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The VA's Suicide Problem

Mark Dombeck, Ph.D.

veterans administration medical center image

Last week, a lawsuit was brought against the Department of Veteran's Affairs in the San Francisco U.S. District Court, alleging that the large federal agency responsible for running the VA medical system (comprised of hundreds of hospitals and clinics scattered around the nation) through which military veterans receive health care benefits has been negligently slow to respond to the needs of suicidal traumatized veterans returning from Iraq and Afghanistan. You can read about the case here, and also here.

Though the case may ultimate become broader than the simple issue of suicide, the issue of suicide is squarely in the spotlight as the case begins to unfold. Presented into evidence was, apparently, an email from a top VA mental health official, Ira Katz, documenting that veterans were committing suicide at a rate of 18 per day. Separately, a suicide expert testified that the rate of suicide amongst veterans receiving care within the system is 7.5 times the public national average. If we total the number of suicides, we are told, they outnumber the actual direct casualties of the ongoing war. These are sobering numbers by any accounting.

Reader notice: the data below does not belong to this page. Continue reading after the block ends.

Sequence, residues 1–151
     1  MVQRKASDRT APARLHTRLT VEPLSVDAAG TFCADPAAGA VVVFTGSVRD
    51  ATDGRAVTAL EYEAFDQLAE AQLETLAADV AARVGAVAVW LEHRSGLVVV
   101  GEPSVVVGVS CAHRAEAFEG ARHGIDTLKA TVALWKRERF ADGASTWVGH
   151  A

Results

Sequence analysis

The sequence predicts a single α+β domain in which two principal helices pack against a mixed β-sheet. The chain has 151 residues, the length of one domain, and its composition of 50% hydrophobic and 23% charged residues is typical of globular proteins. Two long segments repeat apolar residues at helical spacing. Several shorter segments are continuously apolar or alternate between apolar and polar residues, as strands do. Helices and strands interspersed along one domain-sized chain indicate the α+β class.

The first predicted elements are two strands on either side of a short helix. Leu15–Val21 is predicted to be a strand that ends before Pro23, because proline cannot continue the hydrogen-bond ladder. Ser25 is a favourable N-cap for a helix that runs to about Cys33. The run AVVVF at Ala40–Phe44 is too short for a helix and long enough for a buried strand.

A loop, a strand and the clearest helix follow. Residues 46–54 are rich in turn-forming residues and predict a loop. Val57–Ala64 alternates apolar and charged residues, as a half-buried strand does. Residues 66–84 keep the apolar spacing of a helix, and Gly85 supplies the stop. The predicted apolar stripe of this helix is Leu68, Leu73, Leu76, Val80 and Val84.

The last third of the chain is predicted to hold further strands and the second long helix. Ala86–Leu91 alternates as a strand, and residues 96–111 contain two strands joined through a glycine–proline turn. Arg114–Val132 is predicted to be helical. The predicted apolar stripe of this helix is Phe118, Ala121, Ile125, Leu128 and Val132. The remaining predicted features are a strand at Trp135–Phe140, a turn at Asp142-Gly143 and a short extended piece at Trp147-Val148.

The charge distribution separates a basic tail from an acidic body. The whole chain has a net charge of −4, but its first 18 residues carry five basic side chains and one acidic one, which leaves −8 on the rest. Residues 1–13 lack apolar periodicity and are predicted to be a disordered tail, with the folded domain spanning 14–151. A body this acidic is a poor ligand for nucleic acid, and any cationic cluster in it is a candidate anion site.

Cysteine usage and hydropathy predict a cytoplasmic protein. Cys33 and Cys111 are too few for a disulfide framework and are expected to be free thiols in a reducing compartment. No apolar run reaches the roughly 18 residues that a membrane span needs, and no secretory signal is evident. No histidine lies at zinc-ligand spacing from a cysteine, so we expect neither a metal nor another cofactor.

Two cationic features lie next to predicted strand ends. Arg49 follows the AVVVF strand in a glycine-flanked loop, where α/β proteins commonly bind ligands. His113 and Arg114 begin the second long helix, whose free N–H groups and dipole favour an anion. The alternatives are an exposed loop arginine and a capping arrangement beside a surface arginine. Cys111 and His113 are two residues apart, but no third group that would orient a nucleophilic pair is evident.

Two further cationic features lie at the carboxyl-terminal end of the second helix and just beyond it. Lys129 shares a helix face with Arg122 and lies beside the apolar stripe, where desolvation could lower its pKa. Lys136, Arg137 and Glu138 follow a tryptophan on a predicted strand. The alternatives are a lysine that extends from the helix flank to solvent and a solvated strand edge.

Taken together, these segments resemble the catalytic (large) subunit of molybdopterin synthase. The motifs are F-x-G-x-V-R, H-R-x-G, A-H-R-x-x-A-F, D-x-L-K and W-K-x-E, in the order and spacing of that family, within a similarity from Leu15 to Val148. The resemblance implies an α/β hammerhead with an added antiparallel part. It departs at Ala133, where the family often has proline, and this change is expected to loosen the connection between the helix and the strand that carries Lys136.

It is easy to get behind a lawsuit like this one. Most of the country is against the war it seems, but the politicians can't get their act together to stop it from progressing. The democrats are impotent and the republicans seem to rubber stamp anything the white house wants, whose occupants are firmly supporting the war. There is a lot of anger about the situation that people are feeling, but since the situation is stalemated (probably until the next major election in November some seven months from now) there is no where for that anger to go. By painting the VA to be an unfeeling institution who has let people down rather than fulfill its responsibilities, some of that rage can be channeled towards the VA. After all, everyone is determined to "support the troops" through it all, and to not repeat the mistakes of Vietnam (when returning military felt abandoned). One way to do that is to help make sure that today's veterans won't be let down. If the VA system is messing up (or is at least perceived to be messing up), then there is a place for the anger to flow towards. To those who are eager to make the institution seem incompetent, I'll simply observe that it is easier to attack the broken institution charged with fixing broken men and women than to challenge the broken institutions responsible for breaking those men and women in the first place.